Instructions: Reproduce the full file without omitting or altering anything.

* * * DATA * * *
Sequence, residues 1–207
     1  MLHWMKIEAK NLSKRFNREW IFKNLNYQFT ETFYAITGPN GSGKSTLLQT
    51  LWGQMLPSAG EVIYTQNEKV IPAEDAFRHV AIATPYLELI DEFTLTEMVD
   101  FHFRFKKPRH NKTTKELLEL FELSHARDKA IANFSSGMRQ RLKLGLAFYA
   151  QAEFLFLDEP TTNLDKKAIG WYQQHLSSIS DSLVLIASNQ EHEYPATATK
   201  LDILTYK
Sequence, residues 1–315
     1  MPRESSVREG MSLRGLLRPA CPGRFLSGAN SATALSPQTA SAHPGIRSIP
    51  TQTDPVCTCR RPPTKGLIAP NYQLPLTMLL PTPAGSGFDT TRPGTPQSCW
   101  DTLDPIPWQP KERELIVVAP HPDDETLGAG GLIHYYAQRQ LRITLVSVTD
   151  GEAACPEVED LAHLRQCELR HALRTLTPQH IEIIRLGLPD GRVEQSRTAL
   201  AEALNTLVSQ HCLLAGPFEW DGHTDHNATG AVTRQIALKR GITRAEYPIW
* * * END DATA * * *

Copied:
Sequence, residues 1–207
     1  MLHWMKIEAK NLSKRFNREW IFKNLNYQFT ETFYAITGPN GSGKSTLLQT
    51  LWGQMLPSAG EVIYTQNEKV IPAEDAFRHV AIATPYLELI DEFTLTEMVD
   101  FHFRFKKPRH NKTTKELLEL FELSHARDKA IANFSSGMRQ RLKLGLAFYA
   151  QAEFLFLDEP TTNLDKKAIG WYQQHLSSIS DSLVLIASNQ EHEYPATATK
   201  LDILTYK
Sequence, residues 1–315
     1  MPRESSVREG MSLRGLLRPA CPGRFLSGAN SATALSPQTA SAHPGIRSIP
    51  TQTDPVCTCR RPPTKGLIAP NYQLPLTMLL PTPAGSGFDT TRPGTPQSCW
   101  DTLDPIPWQP KERELIVVAP HPDDETLGAG GLIHYYAQRQ LRITLVSVTD
   151  GEAACPEVED LAHLRQCELR HALRTLTPQH IEIIRLGLPD GRVEQSRTAL
   201  AEALNTLVSQ HCLLAGPFEW DGHTDHNATG AVTRQIALKR GITRAEYPIW